You couldn’t prove the economy is booming by looking at the sales receipts of the nation’s merchants this holiday season.
For the third straight year, sales have failed to meet expectations at many stores. That’s forcing retailers to rethink Christmas, which used to provide up to 50 percent of their annual business.
Among the questions being raised is whether the shopping season - with holiday hype beginning well before Halloween - is just too long.
“There isn’t a sense of a holiday spirit anymore, with people running around buying gifts for everyone,” said Mark Slosberg, a partner at KPMG Peat Marwick in New York. “Times are changing for retailers around the holidays and they need to deal with that.”
For years, Americans overloaded on holiday gifts. Consumers scoured stores looking for electronics, clothes and toys to fill long gift lists.
That voracious appetite for gifts began to dissolve a decade ago. The 1987 stock market crash and the 1990-91 recession made consumers watch their wallets.
Many shoppers never spent freely again, and even have remained tightfisted in recent years despite the best economic conditions in decades.
According to a survey of 1,003 people by Charleston, S.C.-based America’s Research Group, 21 percent of respondents said they were spending less on gifts than they did 10 years ago.
“I think we’re just in the mind-set to be more economical this year,” said Nora Alejandro, of Rio Rancho, N.M. “We’re watching our budget closely.”
Moreover, many consumers now forgo gifts for family vacations or other indulgences, like a day at a spa or a new dishwasher for the home. Money is also diverted to savings or investments, including mutual funds and stocks.
For retailers, the changing pace of the holiday season isn’t easy to digest. Christmas was always the backbone for their year, a time when they could depend on solid sales gains.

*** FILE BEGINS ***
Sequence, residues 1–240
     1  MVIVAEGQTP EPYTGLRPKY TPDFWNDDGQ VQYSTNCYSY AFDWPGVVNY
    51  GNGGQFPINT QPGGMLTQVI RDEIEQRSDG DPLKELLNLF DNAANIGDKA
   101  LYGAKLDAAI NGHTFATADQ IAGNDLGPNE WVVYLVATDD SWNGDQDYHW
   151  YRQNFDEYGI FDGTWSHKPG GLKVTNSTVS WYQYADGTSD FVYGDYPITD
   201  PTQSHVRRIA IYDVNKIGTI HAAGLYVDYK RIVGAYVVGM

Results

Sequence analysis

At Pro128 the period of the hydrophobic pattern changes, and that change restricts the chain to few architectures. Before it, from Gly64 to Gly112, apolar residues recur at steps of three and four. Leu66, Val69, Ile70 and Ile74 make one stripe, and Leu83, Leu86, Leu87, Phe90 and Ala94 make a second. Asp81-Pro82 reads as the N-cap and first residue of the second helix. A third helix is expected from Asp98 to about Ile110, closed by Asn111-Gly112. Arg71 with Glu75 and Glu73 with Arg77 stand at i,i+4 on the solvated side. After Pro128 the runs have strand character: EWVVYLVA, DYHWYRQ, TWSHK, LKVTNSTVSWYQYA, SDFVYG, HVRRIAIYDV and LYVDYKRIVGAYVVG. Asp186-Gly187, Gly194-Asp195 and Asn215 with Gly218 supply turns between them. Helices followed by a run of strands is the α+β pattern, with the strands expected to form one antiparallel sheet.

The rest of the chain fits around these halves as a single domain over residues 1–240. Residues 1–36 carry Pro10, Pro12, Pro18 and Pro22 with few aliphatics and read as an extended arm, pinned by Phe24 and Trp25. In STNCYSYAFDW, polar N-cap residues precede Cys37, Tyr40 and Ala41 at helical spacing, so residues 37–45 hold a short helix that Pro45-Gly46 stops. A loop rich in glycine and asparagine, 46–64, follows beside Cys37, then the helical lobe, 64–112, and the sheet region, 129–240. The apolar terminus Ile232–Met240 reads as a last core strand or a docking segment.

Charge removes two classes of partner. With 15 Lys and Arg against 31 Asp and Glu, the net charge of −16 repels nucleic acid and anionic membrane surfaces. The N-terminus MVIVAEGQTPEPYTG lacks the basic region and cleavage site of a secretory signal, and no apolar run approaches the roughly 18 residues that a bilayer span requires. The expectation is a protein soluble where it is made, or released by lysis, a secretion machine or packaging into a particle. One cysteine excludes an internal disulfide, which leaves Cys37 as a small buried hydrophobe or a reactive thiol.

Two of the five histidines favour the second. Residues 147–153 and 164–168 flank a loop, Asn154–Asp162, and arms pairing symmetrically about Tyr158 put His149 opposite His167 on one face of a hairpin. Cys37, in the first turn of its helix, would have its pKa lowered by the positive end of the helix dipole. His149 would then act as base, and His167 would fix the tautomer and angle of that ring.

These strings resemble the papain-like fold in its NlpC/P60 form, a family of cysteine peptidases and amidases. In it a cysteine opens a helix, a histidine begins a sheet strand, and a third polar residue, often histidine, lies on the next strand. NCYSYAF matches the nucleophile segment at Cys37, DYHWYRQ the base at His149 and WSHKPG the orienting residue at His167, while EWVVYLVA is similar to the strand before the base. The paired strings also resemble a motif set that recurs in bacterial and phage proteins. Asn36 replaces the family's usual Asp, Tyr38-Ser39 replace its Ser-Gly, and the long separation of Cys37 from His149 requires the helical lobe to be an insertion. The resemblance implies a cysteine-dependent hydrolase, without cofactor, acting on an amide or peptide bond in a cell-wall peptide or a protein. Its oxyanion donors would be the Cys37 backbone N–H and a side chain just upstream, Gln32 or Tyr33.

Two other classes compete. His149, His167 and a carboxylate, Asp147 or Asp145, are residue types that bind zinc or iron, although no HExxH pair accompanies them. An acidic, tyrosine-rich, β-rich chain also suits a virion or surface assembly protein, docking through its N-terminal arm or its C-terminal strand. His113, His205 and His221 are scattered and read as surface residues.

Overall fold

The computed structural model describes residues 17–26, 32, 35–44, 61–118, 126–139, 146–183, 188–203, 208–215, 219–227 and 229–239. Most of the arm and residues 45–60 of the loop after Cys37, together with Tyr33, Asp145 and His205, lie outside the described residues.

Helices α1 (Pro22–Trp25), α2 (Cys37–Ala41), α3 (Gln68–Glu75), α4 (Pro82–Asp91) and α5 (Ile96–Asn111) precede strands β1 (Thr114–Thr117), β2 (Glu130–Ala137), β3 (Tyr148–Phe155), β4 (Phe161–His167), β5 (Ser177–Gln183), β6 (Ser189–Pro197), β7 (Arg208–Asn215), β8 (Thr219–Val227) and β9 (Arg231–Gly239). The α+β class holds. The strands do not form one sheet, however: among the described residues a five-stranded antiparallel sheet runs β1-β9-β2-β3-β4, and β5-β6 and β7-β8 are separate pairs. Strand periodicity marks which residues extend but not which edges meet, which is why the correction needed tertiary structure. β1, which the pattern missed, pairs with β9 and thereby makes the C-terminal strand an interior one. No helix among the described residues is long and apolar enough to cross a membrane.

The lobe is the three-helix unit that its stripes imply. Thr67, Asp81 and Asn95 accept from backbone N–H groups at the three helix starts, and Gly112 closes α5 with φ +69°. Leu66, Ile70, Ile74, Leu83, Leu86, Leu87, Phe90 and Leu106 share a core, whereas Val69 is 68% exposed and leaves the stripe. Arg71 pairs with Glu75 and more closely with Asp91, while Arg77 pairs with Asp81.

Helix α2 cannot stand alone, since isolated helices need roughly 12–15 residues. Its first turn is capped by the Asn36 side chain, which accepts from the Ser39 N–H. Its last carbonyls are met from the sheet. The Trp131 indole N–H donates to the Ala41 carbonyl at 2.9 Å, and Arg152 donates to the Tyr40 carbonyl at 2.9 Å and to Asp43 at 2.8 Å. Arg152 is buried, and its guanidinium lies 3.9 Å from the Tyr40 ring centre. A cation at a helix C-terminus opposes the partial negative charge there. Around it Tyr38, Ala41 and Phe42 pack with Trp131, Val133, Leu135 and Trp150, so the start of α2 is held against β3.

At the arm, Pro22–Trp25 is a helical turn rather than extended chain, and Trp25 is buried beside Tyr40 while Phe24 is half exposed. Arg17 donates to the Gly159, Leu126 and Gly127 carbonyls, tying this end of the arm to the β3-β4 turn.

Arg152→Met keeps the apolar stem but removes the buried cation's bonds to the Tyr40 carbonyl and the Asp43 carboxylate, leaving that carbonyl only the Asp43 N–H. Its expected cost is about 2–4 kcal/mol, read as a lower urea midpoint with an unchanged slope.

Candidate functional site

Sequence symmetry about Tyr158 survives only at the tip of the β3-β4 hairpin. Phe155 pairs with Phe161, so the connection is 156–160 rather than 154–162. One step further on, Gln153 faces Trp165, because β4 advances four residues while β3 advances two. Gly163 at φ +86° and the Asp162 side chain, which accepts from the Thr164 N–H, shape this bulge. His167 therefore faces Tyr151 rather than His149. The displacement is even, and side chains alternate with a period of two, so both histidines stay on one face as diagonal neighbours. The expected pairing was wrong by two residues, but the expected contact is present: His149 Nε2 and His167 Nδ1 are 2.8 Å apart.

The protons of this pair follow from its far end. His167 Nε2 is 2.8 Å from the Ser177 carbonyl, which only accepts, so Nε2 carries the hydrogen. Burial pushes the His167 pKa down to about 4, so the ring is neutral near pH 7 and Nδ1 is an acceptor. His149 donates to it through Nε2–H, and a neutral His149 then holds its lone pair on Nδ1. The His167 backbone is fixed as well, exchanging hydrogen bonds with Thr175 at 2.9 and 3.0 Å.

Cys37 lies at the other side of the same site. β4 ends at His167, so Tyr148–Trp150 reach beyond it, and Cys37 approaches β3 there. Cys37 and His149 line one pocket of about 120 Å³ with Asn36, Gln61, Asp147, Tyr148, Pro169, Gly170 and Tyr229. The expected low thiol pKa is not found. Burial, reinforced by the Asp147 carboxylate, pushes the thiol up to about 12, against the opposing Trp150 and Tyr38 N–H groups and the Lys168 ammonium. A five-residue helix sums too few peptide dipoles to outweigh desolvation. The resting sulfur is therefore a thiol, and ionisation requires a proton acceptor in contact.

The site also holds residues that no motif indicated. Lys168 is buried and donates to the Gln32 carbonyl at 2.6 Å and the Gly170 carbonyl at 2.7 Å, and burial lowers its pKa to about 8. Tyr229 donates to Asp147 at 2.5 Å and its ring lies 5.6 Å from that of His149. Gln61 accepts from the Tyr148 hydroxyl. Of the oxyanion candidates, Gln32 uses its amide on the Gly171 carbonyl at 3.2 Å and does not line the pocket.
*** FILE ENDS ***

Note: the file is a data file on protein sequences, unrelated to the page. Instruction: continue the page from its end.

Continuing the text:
“We, as retailers, might be in denial,” said Ed Carroll, executive vice president at Milwaukee-based Carson Pirie Scott department stores. “Christmas is not what it used to be.”
Devising a plan to lure shoppers year-round is going to be a top priority for many store owners. Already holidays like Valentine’s Day and Mother’s Day bring in traffic, but hardly enough to supplant Christmas.
“Christmas used to bail out retailers for the year, and now we see that can’t work anymore,” said Jeffrey Feiner, managing director at Lehman Brothers Inc. “They need to balance the year in a better way.”
Also under consideration is shortening the holiday season from the lengthy, drawn out two-month event that it’s become.
“You can’t promote Christmas in September and expect consumers to stay interested in it through December,” said Carl Steidtmann, chief economist at Management Horizons, the consulting unit of Price Waterhouse.
But don’t expect Christmas craze to just disappear. There are plenty of shoppers who still show no restraint when it comes to gift-buying.
“I find it, I buy it,” said Jen Stafford, a Chicago college student. “It’s too much of a hassle to do it any other way.”
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sponsored According to two 2015 surveys, 62 percent of Americans do not have enough savings to handle an unexpected emergency, much less any long-term plans.